In 2009, Hans Clevers and Toshiro Sato (then a postdoc in Clevers' lab) demonstrated a powerful new model to study development and disease: a three-dimensional 'organoid' derived from adult stem cells that replicates the structure of cells lining the intestine. More than 100 labs worldwide are now working with different types of organoid to study cancer and other diseases. Clevers, at the Hubrecht Institute in Utrecht, the Netherlands, discusses the potential of this approach.
Why might it be better to screen drugs in organoids rather than in cell lines?
We don't currently understand why certain tumours are sensitive or resistant to particular drugs. With targeted therapies, you can make a prediction, but for classical chemotherapy drugs, such as cisplatin or 5-fluorouracil, it is totally unpredictable which tumours will respond. Tumours can be sequenced in great detail, but drugs against them cannot be tested effectively other than in clinical trials. Organoids are a very good genetic representation of the tumour, so they let us bridge the gap between deep-sequencing efforts and patient outcomes.
How do you see organoids contributing to the study of colorectal cancer?
We are collaborating with groups at the Broad Institute in Cambridge, Massachusetts, and the Sanger Institute in Hinxton, UK, to build a biobank of organoids from 20 or so people with colon cancer. We have organoids of the cancer and of normal cells from individual patients, as well as sequences of their protein-coding genes. We have established the non-profit Hubrecht Organoid Technology (HUB) to expand our organoid biobanks. The HUB shares these biobanks with academic groups around the world, and now works with about 15 companies on drug-development programmes. We can culture tumours from almost every person with colon cancer, sequence them and test them against drugs. Additionally, we can use research techniques that have been developed for cell lines, such as genetic tools, fluorescence-activated cell sorting and microarrays.
Is this research moving towards clinical trials?
Yes, my group and the HUB are collaborating with Emile Voest at the Netherlands Cancer Institute in Amsterdam on an observational trial. We already have some organoid models from people with colon cancer who receive chemotherapy. The organoids are screened against a panel of common colon-cancer drugs. The patients will be treated the same way the oncologists would normally treat them, but we'll see if we could have predicted the response from our organoids. We're also starting another trial in which we will enrol advanced-colon-cancer patients, for whom there is no standard treatment. We will make organoids, test drug sensitivity and resistance, and then advise the oncologists as to what drug to use for that particular patient. We will be looking at multiple drugs, so we need large numbers of patients — that's the only way we will be able to produce enough data to help us match drugs to tumour types.
To benefit individual patients, won't you need to test the drugs very quickly?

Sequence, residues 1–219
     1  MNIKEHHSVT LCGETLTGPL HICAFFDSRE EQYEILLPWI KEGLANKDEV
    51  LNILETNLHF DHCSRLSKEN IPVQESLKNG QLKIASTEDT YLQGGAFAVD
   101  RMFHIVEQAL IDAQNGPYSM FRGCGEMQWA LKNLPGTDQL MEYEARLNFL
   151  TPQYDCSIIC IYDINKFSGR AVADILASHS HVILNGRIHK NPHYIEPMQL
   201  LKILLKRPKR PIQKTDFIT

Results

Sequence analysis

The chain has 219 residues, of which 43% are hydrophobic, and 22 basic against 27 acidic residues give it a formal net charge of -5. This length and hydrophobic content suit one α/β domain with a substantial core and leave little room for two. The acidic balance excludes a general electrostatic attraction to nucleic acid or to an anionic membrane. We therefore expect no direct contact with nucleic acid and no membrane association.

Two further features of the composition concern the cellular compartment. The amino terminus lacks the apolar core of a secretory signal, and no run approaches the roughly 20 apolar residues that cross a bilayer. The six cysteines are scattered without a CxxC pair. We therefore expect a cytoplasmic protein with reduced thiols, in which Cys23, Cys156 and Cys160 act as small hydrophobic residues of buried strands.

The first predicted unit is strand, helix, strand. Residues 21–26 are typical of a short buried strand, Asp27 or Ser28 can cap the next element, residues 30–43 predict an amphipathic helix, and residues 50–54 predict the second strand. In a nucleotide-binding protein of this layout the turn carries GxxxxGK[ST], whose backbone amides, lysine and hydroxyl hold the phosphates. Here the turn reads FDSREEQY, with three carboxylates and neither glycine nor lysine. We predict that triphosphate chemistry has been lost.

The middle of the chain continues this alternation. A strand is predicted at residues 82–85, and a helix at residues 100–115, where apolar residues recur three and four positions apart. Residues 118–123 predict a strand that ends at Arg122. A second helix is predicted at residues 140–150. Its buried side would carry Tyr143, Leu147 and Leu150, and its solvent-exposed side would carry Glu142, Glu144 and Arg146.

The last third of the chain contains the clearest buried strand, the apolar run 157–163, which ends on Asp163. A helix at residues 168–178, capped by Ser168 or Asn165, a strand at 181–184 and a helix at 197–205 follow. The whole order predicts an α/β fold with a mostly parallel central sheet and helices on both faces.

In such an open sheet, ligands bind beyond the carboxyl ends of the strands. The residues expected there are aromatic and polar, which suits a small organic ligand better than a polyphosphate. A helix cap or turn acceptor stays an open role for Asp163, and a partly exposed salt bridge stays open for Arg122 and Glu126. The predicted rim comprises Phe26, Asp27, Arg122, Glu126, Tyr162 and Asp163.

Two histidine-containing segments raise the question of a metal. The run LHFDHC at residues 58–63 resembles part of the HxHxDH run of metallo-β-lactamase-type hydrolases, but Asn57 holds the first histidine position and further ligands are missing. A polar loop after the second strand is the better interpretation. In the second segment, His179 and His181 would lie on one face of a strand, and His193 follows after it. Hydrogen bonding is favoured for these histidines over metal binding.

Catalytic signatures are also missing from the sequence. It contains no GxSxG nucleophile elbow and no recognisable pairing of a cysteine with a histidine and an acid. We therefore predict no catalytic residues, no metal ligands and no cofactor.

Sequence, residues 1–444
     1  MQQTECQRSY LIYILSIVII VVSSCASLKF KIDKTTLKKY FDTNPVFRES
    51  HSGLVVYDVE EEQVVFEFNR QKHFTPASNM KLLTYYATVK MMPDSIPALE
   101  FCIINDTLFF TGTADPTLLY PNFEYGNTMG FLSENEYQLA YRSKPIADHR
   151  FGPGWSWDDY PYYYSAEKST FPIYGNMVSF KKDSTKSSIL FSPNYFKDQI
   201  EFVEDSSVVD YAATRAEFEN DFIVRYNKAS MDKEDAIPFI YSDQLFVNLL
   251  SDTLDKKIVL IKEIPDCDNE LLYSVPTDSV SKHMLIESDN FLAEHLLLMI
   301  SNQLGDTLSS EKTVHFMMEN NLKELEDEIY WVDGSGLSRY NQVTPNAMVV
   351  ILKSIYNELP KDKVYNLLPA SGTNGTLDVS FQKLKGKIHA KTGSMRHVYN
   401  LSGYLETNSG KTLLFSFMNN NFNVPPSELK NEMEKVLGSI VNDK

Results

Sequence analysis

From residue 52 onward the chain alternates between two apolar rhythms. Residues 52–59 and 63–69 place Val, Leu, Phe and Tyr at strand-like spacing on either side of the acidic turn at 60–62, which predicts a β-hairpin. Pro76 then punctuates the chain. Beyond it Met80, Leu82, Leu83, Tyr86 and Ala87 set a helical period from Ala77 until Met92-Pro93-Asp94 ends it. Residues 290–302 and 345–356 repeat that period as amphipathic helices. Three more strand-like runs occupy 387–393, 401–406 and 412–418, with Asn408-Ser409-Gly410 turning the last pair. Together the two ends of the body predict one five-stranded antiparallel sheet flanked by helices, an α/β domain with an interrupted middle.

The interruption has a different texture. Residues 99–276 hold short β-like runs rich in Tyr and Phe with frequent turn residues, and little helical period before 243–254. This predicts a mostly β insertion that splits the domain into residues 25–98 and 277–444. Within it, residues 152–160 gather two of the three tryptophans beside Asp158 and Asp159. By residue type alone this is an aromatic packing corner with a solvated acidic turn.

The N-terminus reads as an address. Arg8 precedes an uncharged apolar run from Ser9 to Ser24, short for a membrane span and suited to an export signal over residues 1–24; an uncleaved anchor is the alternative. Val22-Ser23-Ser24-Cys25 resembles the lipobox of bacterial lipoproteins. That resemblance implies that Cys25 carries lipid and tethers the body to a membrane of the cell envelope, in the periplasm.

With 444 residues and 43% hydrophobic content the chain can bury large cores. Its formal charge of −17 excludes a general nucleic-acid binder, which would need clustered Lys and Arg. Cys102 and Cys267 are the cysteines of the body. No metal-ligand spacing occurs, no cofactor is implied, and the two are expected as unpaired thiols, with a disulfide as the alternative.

Yes — and that's really where we want to take this technology. When you have pneumonia, your bacterial cultures are tested and you get answers in three days. With this technology, we can tell the oncologist the best odds for a combination of therapeutics, maybe not in three days, but in several weeks. We have an organoid-based test in cystic fibrosis that gives us a result in about two weeks.
How does the organoid approach differ from patient-derived xenografts, in which patients' tumours are transplanted into immune-suppressed mice for testing drugs?
It's the same principle — you get a functional readout of the patient's tumour. But organoids can be tested against an unlimited amount of compounds and combinations. Furthermore, in contrast to xenografts, organoids can be established from almost all patients.
What are some of the next steps in your cancer research?
Organoids model the key component of the tumour but they lack some important elements. We want to combine organoids with other elements to make more-complete tools. For instance, we would like to introduce the immune system so that we can study the effects of the fantastic new immunotherapy drugs. We think that we can build it up in a reductionist way — take lymphocytes isolated from a tumour, bring these together with cancer organoids derived from the same tumour and watch what happens. And maybe we can also put microorganisms in these organoids. For example, we could add Helicobacter, a major cause of stomach cancer, to stomach organoids.
Can organoids also help to test drug combinations?
Yes, tumours are genetically heterogeneous, and there can be vast differences in drug sensitivity between clones for the same tumour. We can possibly advance sequence-based therapy by testing millions of drug combinations in organoids.
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Bender, E. Q&A: Hans Clevers. Nature 521, S15 (2015). https://doi.org/10.1038/521S15a